The list of tasks/work should be divided into relatively small issues and organized by priority. As you can clearly see in this example, lanes can help keep the higher priority items separated from “everything else.”

Agile Key Terms

When implementing a workflow for the agile team, always start a simple way. For software teams, we recommend these basic workflow states:

Workflow terms

TODO

Work that has not been started in the pending state

IN PROGRESS

Work that is actively being looked at by the team but not yet done

CODE REVIEW

Work which is completed, but awaiting review.

DONE

Work that is completely finished and meets the team’s definition of done.

AWAITING QA

Work that has been implemented, but is still waiting for a tester review.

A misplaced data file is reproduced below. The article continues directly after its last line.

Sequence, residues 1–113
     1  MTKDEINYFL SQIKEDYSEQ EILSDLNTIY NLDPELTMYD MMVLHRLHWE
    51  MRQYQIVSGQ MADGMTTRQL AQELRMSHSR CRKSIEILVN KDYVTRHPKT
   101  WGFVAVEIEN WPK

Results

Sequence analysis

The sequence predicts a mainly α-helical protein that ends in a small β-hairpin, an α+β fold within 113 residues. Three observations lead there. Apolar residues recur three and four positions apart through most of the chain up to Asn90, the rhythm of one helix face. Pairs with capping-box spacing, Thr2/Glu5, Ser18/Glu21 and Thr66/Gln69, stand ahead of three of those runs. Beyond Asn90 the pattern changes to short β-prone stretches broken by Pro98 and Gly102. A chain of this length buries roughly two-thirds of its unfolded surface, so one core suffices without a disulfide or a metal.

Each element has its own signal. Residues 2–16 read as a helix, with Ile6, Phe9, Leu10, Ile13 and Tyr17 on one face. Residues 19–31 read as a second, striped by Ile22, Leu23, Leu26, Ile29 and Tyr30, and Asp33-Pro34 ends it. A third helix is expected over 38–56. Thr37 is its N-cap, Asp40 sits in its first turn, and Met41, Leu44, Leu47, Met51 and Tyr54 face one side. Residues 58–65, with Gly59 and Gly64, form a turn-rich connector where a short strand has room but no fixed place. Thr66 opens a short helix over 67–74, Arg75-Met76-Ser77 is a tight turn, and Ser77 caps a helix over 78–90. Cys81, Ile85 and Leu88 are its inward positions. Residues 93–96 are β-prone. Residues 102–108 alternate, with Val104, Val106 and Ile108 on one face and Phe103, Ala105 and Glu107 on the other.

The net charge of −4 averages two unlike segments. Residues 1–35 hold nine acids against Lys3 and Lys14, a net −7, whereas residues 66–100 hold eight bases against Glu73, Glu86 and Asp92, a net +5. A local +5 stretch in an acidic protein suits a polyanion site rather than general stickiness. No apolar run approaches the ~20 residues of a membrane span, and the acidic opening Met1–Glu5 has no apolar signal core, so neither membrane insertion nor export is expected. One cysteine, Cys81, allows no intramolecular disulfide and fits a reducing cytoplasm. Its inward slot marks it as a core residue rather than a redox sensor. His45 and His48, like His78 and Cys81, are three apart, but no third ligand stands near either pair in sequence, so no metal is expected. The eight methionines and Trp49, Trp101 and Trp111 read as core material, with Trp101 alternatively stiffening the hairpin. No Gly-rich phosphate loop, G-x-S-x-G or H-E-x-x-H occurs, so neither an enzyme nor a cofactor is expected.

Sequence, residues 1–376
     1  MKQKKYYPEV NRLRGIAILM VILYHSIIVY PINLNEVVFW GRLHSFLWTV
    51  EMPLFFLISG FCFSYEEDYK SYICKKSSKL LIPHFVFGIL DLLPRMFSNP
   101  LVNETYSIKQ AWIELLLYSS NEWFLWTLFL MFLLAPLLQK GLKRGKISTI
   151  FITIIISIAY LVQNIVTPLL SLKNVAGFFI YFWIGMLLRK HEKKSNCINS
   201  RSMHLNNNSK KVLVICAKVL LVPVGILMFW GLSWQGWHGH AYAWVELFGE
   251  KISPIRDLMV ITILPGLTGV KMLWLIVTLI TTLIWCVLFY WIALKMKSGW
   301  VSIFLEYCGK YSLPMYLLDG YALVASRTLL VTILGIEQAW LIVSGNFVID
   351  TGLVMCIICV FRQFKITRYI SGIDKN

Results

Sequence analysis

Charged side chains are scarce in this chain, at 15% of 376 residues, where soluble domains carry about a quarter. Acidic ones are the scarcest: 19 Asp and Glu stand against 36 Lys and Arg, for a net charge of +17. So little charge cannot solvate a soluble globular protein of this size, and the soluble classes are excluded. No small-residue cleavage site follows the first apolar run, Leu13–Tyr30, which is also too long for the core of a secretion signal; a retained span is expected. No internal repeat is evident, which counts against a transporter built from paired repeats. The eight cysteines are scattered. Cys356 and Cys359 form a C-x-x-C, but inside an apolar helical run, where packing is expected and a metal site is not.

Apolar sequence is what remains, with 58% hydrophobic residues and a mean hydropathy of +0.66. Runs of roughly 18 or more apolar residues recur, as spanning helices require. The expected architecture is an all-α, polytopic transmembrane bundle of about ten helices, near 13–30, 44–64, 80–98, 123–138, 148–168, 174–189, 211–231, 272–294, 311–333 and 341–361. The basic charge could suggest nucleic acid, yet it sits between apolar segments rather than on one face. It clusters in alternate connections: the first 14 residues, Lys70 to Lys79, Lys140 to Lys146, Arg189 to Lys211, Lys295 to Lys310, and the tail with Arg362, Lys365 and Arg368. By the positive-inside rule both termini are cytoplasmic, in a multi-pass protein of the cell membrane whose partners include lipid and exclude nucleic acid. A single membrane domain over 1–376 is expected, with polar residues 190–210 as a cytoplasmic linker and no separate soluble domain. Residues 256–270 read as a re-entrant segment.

READY TO MERGE

Code that has been developed &reviewed and is ready to merge into the master or release branch.

[Each state in the workflow doesn’t need to be handled by a different person. As the team matures, developers handle more and more of the work–from design all the way through to delivery effectively. An autonomous team that can handle heterogeneous work is one of the hallmarks of agility after all.]

Other Terminologies

STORIES

These also called “user stories,” which are short requirements or requests written from the perspective of an end-user.

EPICS

These are large bodies of work that can be broken down into a number of smaller tasks (called stories).

INITIATIVES 

These are collections of epics that drive toward a common goal.

THEMES 

These are large focus areas that span the organization.

BACKLOG

A product backlog is a list of tasks/items to be done. Items are ranked with feature descriptions. In an ideal scenario, items should be broken down into small user stories.